The 2019 monsoon set in over parts of Kerala on Saturday — a week after the average onset date — and could advance over parts of the Northeast over the next 48 hours, weather scientists said.
The weather scientists assert there is no correlation between the date of the monsoon’s onset over Kerala and the quantum of distribution of rainfall across the country during the rest of the season.
But the pace of the monsoon’s progress over the coming week is likely to be influenced by the behaviour of a feeble cyclonic circulation that has formed over Lakshadweep and the southeastern Arabian Sea, the scientists said.
The India Meteorological Department (IMD), taking into account the cloud and wind conditions and widespread rainfall activity, said the monsoon had advanced over parts of Kerala and Tamil Nadu and parts of the northeastern Bay of Bengal. The monsoon’s northern line on Saturday passed through Amini Divi, Kochi and Madurai.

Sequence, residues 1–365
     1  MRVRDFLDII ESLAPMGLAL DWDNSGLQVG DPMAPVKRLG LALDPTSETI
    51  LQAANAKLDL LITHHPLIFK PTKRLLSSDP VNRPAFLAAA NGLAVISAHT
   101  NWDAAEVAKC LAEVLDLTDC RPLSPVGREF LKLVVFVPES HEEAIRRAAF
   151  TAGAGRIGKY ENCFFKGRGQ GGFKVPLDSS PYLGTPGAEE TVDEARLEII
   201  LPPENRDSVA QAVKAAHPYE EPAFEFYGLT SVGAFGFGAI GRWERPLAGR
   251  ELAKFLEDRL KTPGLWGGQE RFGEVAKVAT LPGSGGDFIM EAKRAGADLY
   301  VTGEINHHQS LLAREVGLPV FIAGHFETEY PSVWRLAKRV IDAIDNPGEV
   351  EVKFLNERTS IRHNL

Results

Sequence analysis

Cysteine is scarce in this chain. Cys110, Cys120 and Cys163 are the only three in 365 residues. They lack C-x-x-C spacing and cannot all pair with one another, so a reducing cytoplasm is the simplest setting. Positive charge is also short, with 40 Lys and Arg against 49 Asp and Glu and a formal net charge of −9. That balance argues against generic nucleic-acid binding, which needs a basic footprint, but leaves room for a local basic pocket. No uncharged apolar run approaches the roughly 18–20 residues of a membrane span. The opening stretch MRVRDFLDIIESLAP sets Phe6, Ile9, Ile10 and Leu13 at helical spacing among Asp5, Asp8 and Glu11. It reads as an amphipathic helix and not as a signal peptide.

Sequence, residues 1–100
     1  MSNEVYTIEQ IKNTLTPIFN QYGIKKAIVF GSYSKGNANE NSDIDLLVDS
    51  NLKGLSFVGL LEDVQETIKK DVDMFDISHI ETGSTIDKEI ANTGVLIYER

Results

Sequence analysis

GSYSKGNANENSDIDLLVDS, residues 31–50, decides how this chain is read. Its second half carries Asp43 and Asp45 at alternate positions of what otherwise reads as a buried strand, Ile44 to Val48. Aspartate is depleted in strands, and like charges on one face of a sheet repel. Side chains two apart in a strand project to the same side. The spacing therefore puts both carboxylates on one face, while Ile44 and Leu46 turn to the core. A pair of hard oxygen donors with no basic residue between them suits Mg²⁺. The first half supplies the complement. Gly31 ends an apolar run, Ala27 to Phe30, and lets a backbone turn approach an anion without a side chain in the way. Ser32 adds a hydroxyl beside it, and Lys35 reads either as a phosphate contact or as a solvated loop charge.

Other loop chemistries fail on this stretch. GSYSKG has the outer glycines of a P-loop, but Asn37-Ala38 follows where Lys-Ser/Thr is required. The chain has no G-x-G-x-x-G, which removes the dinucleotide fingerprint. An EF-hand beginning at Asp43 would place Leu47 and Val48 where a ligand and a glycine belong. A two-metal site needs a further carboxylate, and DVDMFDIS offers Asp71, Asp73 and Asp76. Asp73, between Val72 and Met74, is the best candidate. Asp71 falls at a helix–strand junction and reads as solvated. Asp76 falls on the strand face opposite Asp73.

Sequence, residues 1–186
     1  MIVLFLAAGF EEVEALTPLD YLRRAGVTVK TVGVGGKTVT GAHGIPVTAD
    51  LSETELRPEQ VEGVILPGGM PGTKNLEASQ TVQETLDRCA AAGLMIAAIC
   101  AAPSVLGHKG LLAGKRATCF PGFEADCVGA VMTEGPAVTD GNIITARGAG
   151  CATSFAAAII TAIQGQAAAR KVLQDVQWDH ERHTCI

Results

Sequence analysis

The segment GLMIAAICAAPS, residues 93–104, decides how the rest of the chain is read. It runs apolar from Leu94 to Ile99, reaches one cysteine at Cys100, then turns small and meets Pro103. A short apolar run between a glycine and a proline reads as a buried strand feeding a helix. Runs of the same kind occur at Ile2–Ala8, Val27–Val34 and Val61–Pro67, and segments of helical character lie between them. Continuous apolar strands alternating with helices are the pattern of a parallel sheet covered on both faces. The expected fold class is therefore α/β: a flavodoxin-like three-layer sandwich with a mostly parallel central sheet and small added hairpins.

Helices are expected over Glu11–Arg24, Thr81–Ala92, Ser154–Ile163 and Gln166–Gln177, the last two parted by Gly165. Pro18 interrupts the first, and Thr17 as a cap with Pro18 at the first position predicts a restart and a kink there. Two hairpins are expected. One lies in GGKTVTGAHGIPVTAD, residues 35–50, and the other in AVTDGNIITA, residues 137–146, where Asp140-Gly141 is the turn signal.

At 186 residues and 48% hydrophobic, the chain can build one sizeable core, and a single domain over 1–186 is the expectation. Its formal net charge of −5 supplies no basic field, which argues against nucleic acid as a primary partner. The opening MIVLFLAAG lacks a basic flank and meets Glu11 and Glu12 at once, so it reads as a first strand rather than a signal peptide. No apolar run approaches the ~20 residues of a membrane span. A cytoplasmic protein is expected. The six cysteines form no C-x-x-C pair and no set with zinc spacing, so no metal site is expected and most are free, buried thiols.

Lakshadweep and parts of Kerala have received widespread rainfall over the past three days.
The conditions appear favourable for further advance of the monsoon into remaining parts of Kerala, more parts of Tamil Nadu, the northeastern Bay of Bengal and the northeast over the next 48 hours, the IMD said.
However, the direction and evolution of the cyclonic circulation hanging over the southeastern Arabian Sea is expected to impact the monsoon’s pace of advance and the quantum of rainfall over the next week, scientists said.
“We call it an onset vortex — if the vortex moves northward along the west coast, we could expect intensification and fast progress of the monsoon,” said D. Sivanandan Pai, a senior meteorologist at the IMD, Pune. “However, if the vortex moves northwestward towards Oman, we could see a short hiatus.”
The IMD’s Saturday weather inference predicted that the cyclonic circulation is likely to move north-northwestward and intensify gradually.
The IMD in its preliminary long-range forecast had predicted that rainfall during the 2019 monsoon season from June through September would be near-normal, or 96 per cent of the long-period average.